Nickel sulfate is the most widely used salt for nickel-plating baths, and is known in the plating industry as single nickel salt. It is easily produced by the reaction of sulfuric acid on nickel, and comes in pea-green water-soluble crystalline pellets of the compositionNiSO4.7H2O, of a specific gravity of 1.98, melting at about 100 C. Double nickel salt is nickel ammonium sulfate,NiSO4.(NH4)2.SO4.6H2O , used especially for plating on zinc. To produce a harder and whiter finish in nickel plating, cobaltous sulfamate, a water-soluble powder of the composition Co(NH2SO3)2.3H2O, is used with the nickel sulfate. Nickel plate has a normal hardness of Brinell 90 to 140, but by controlled processes file-hard plates can be obtained from sulfate baths. In electroless plating, nickel sulfate, a reducing agent, a pH adjuster, and complexing and stabilizing agents are combined to deposit metallic nickel on an immersed object.The electroless nickel coating is comparable to electrolytic chrome.

Questions And Answer

Physical Properties
Nickel sulfate (NiSO4) exists in different states depending on its hydrated forms (where water molecules bond with ions in suspended substances). Nickel sulfate can be in the form of greenish-yellow, blue, or green crystals, depending upon the degree of hydration. It is used in nickel-plating iron and copper, as a catalyst, as a mordant in the textile industry, and as a coating for other substances.
The anhydrous salt is a yellow cubic crystalline solid; density 3.68 g/cm3; decomposes at 848°C; readily dissolves in water; insoluble in ethanol, ether and acetone.
The hexahydrate, NiSO4•6H2O occurs in two crystalline forms, a blue tetragonal alpha-allotrope and an emerald green monoclinic beta form. The blue alpha form converts to green beta above 53.3°C. The beta form is isomorphous with magnesium sulfate hexahydrate, MgSO4•6H2O. Density of hexahydrate is 2.07 g/cm3; refractive index 1.511; loses water on heating; very soluble in water; also very soluble in ethanol and ammonia solution.
The heptahydrate, NiSO4•7H2O, forms green rhombohedral crystals; refractive index 1.467; density 1.948 g/cm3; loses water on heating; highly soluble in water (about 75 g/100mL at 15°C); soluble in alcohol.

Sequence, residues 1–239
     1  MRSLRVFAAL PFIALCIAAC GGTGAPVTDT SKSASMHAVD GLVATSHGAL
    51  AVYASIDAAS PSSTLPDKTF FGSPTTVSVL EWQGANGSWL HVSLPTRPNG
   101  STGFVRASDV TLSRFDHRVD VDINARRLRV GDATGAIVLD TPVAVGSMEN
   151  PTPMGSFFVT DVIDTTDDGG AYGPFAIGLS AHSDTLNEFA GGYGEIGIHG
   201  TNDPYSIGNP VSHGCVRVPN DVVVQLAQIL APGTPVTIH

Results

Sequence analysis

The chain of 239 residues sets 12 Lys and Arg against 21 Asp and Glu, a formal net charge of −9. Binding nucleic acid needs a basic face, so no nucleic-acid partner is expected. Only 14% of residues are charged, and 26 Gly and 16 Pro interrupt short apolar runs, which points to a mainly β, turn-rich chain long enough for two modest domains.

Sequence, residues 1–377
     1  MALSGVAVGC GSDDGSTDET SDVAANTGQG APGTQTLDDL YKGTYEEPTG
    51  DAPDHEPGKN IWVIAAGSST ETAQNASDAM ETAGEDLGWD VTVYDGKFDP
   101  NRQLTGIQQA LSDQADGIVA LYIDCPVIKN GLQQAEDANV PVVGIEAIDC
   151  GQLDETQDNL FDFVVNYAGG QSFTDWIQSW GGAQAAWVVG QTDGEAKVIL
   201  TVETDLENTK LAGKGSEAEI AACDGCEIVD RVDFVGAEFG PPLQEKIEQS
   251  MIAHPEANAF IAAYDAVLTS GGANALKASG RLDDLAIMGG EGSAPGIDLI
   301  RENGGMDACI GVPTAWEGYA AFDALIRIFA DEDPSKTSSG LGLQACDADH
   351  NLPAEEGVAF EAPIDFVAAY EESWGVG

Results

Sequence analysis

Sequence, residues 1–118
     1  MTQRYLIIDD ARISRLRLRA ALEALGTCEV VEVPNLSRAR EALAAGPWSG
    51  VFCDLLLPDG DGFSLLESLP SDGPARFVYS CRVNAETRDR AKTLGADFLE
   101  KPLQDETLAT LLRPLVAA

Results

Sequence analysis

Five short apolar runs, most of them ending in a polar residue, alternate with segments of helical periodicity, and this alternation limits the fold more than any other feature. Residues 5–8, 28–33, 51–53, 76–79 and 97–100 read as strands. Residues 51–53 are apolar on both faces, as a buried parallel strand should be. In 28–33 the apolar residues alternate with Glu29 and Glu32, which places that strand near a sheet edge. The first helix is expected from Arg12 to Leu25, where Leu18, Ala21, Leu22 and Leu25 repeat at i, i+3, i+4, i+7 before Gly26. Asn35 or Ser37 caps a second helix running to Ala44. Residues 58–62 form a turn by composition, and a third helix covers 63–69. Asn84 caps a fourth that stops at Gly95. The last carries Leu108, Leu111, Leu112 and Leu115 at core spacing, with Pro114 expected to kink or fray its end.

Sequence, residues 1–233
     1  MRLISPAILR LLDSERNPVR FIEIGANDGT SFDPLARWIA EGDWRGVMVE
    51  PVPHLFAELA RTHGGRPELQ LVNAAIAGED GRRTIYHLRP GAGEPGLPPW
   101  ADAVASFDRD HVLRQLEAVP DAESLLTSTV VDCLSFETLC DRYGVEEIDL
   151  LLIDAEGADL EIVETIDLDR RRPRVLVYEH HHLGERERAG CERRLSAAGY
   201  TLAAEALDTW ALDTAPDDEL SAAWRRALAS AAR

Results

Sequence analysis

nickel sulfate crystals
nickel sulfate crystals
Nickel Sulfate is used to make other Nickel compounds, as a mordant, in dyeing and printing textiles, in nickel plating, in coloring metals, in ceramics and for producing driers for use in protective coatings.
Nickel sulfate can be made by several methods. It is prepared by dissolving nickel metal, its oxide, or its carbonate in sulfuric acid. In such methods, powdered metal or black nickel oxide is added to hot dilute sulfuric acid, or nickel carbonate is added to dilute sulfuric acid at ambient temperature:
NiO + H2SO4 → NiSO4 + H2O
NiCO3 + H2SO4 → NiSO4 + CO2 + H2O
Impurities may be precipitated by treating the diluted solution with barium carbonate. Evaporation followed by cooling crystallizes hexahydrate in two modifications: blue tetragonal crystals obtained between 31.5 and 53.3°C, and above 53.3°C green monoclinic crystals form. The heptahydrate, NiSO4•7H2O, crystallizes at ordinary temperatures from pure aqueous solutions.
Nickel sulfate also can be produced in large-scale by gas phase reaction of nickel tetracarbonyl, sulfur dioxide, and oxygen at 100°C:
Ni(CO)4 + SO2 + O2 → NiSO4 + 4CO
Hydrated nickel sulfate on heating at 103°C loses all of its water molecules. At 848°C, the anhydrous sulfate decomposes to nickel oxide and sulfur trioxide: NiSO4 → NiO + SO3
Nickel sulfate is used in preparing many insoluble nickel salts. In aqueous solutions, such insoluble nickel compounds precipitate; e.g.,
3Ni2+ + 3PO43¯ → Ni3(PO4)2
Nickel sulfate forms double salts with ammonium or alkali metal sulfates. For example, blue-green hydrated ammonium nickel sulfate, (NH4)2SO4•NiSO4•6H2O, crystallizes from a mixed solution of nickel sulfate and ammonium sulfate. Such double sulfates are isomorphous to corresponding alkali metal or ammonium double sulfates of iron, cobalt, magnesium, zinc, and other bivalent metals.